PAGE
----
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Archive for for August, 2015

Maryland Law Update: Minority Shareholder Rights

August 29, 2015

In our previous blog posts on Ritchie v. Rupe,[1] available here and here, we discussed the rights of minority shareholders in a closely held corporation under Texas law.  We explained that, post-Rupe, in Texas, minority owners would have to show abuse of authority with the intent to harm the interests of one or more of the shareholders that creates a serious risk of harm to the corporation in order to show shareholder oppression.[2]  Moreover, a Texas minority shareholder who successfully proves oppression would no longer be entitled to a court-ordered buyout; instead, the sole remedy for oppression would be the appointment of a receiver.… Read the rest

Uber and Lyft Drivers Might Be Employees, Not Independent Contractors, Under California Law

August 27, 2015

Employee or Independent Contractor?

Business owners hire people all the time.  Depending on their status as an employee or independent contractor, however, the law treats them differently, affecting all facets of the relationship, including wages, taxes, etc.  Employers who misclassify workers as independent contracts can end up with substantial tax bills and face penalties for failing to pay employment taxes and for failing to file required tax forms,[1] so it is important that business owners understand the difference between employees and independent contractors.… Read the rest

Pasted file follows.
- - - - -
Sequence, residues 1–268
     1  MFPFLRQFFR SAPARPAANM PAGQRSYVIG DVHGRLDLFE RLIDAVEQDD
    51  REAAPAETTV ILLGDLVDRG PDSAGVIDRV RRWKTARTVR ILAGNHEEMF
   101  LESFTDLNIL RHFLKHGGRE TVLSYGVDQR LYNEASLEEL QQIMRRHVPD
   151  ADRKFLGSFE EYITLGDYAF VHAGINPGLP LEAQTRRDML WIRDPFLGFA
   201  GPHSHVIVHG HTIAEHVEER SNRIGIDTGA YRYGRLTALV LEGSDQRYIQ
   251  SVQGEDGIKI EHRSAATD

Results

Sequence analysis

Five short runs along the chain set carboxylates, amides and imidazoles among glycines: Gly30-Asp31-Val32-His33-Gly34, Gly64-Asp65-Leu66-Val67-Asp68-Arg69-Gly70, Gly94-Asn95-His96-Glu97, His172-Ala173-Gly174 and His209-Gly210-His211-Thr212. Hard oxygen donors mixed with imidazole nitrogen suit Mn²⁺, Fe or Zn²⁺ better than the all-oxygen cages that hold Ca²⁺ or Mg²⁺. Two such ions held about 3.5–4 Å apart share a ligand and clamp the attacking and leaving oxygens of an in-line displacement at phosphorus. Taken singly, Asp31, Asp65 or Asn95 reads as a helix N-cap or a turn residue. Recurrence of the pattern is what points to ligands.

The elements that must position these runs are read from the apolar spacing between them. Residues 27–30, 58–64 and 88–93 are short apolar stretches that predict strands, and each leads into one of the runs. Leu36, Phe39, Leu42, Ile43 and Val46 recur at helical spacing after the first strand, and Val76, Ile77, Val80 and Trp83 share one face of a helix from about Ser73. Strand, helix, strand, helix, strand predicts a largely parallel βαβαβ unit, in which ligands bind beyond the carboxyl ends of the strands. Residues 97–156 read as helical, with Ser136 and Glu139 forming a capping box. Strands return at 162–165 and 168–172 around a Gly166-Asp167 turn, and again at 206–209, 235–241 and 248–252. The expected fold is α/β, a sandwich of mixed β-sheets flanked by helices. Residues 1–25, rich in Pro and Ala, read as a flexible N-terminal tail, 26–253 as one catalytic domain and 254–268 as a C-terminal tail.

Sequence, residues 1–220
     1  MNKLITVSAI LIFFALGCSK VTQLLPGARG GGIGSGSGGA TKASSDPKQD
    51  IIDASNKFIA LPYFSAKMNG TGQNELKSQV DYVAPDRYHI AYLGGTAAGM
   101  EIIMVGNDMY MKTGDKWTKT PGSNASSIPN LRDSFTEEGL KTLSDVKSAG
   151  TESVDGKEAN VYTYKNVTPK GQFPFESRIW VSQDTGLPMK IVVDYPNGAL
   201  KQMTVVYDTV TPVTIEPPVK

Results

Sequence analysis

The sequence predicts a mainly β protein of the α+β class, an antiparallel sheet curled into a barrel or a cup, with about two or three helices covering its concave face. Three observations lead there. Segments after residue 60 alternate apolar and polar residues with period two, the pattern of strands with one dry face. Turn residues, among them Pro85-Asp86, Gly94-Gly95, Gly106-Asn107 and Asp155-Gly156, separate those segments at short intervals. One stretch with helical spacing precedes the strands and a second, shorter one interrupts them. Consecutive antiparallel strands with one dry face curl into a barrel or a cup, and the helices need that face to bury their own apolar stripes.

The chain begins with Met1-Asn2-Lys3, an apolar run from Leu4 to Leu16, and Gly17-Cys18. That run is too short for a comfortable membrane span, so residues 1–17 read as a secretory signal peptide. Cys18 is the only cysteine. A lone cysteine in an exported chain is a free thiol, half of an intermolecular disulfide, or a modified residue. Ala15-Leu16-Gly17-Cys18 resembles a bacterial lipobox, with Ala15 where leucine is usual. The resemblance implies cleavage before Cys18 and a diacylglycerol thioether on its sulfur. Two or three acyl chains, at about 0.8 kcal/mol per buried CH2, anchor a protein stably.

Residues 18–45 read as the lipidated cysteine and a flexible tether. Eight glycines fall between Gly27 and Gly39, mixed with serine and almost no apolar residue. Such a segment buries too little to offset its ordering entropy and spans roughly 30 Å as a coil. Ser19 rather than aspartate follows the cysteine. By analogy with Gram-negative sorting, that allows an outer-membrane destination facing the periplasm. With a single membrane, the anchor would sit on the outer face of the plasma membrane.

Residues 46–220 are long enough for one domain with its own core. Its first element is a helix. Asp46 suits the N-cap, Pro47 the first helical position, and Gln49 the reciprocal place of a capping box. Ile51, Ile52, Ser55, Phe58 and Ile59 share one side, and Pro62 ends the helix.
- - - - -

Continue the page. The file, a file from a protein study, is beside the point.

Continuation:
Other Exemptions Under Regulation D and the Overwhelming Popularity of Rule 506

August 25, 2015

Regulation D, Rule 506

As you can see, the overwhelming popularity of Rule 506 is largely the result of preemption of state securities laws.  In fact, an analysis of Regulation D offerings based on approximately 27,000 Form Ds filed between September 15, 2008 and October 18, 2010 shows that even transactions with smaller offering amounts, for which Rule 504 or Rule 505 were specifically designed, overwhelmingly elected to use Rule 506.[1]

Imagine, for example, a small business that proposes to raise $1 million by offering its securities in three states.… Read the rest

Other Exemptions Under Regulation D and the Overwhelming Popularity of Rule 506

August 22, 2015

Regulation D, Rule 505

Rule 505 of Regulation D provides an exemption for offerings up to $5,000,000 in a 12-month period.[1]  This exemption is not available to investment companies[2] or the so-called “bad actors.”[3]  Just like in Rule 504 offerings, a company cannot use general solicitation or advertising to sell the securities in Rule 505 offerings.[4]  And just like in other Regulation D offerings, Rule 505 securities are restricted securities[5] and issuers need to file Form D with the SEC.… Read the rest

Other Exemptions Under Regulation D and the Overwhelming Popularity of Rule 506

August 15, 2015

An Overview of Exemptions